I am beginning a series of articles discussing the threats to companies through employees working remotely. Ultimately, cyber criminals are working to monetize their efforts. There are three dominate business models in use today by cyber-criminals that drive their behavior. The business models are employee impersonation, data theft and denial of service attacks. This article discusses these business models to gain an understanding of the “why” behind cyber criminals.
Most cyber criminals will employ one business model for their criminal enterprise. For example, we have not seen evidence of cyber criminals doing Ransomware exploits stealing company data or employee credentials. Likewise cyber-criminals using impersonation for their exploits rarely steal company data or perform denial of service exploits. Cyber criminals stealing company data, like the recent Capital One breach, may use impersonation tools to gain access to company data stores where they make off with troves of valuable data.
Impersonation exploits take two forms. One form of impersonation uses a set of stolen credentials to become the employee for the sake of transacting personal business as the employee. Examples of these types of attacks include credit card charges, diversion of pay checks to criminal bank accounts, long distance charges and health insurance theft. The second type of impersonation that has recently become an issue is a cyber-criminal impersonating an employee for the purpose of diverting company financial transactions. By monitoring a compromised employee’s communication silently, a cyber-criminal can intercept and divert financial transactions. IT industry publications have documented diversion of wire transfers from an intended financial institution to a cyber-criminal’s bank account. This is a particular problem in Real Estate transactions where large sums are wired between banks. The cyber-criminals monitization of this exploit is straight forward, they divert and get the cash.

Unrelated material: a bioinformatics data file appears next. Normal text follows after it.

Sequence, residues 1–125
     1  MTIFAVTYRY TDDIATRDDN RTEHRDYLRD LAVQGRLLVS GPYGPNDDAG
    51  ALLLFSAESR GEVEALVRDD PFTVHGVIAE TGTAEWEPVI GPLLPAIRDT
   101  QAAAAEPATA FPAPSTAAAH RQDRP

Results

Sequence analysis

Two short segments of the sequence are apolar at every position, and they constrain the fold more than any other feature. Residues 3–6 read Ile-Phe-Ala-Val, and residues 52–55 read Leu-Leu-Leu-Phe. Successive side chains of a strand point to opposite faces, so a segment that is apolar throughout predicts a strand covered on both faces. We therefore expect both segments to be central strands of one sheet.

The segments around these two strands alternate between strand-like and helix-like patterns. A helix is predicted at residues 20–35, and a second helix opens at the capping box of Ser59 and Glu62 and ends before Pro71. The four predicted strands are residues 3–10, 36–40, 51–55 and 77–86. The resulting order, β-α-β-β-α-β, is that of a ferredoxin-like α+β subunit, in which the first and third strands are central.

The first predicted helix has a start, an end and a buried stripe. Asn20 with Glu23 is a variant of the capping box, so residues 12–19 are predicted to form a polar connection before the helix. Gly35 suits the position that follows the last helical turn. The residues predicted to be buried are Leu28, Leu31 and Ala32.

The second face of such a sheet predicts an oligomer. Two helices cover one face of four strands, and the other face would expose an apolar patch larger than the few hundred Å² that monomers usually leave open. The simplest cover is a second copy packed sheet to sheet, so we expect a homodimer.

Some of the biggest headlines talk about the theft of Personal Identifiable Information (PII). PII often includes social security numbers, birthdays, health insurance policy numbers, addresses, credit card number and bank account information. The recent Capital One exploit illustrates an exploit of company data. Cyber-criminals monetize data theft in two ways. One method is to actively use the data to impersonate a consumer to use the consumer’s credit to purchase items or establish credit lines that can be used to generate cash. The second method for monetizing data theft is the sale of the data. Cyber-criminals have a Google of sorts for stolen consumer PII. The fresher the PII, the more it is worth. The 110 million consumer PII records stolen from Capital One would be worth millions on the consumer data resale market.
The final prevalent cyber-crime business model is a denial of service attack.The type receiving the most press today is Ransomware. By encrypting a company’s data, the cyber-criminals are able to demand payment in bitcoin for the decryption keys and decryption software to return access to the data. When combined with an attack that turns employee computers to zombie computers, as was experienced by Sony, the attack is particularly paralyzing to a business. The criminals monetize the denial of service attack by seeking payment in bitcoin that is easily convertible to dollars or other local currencies.
The business models of cyber-criminals are constantly evolving and growing to turn technology into cash for their efforts. Upcoming articles will focus on the specific threats facing companies that have remote employees.
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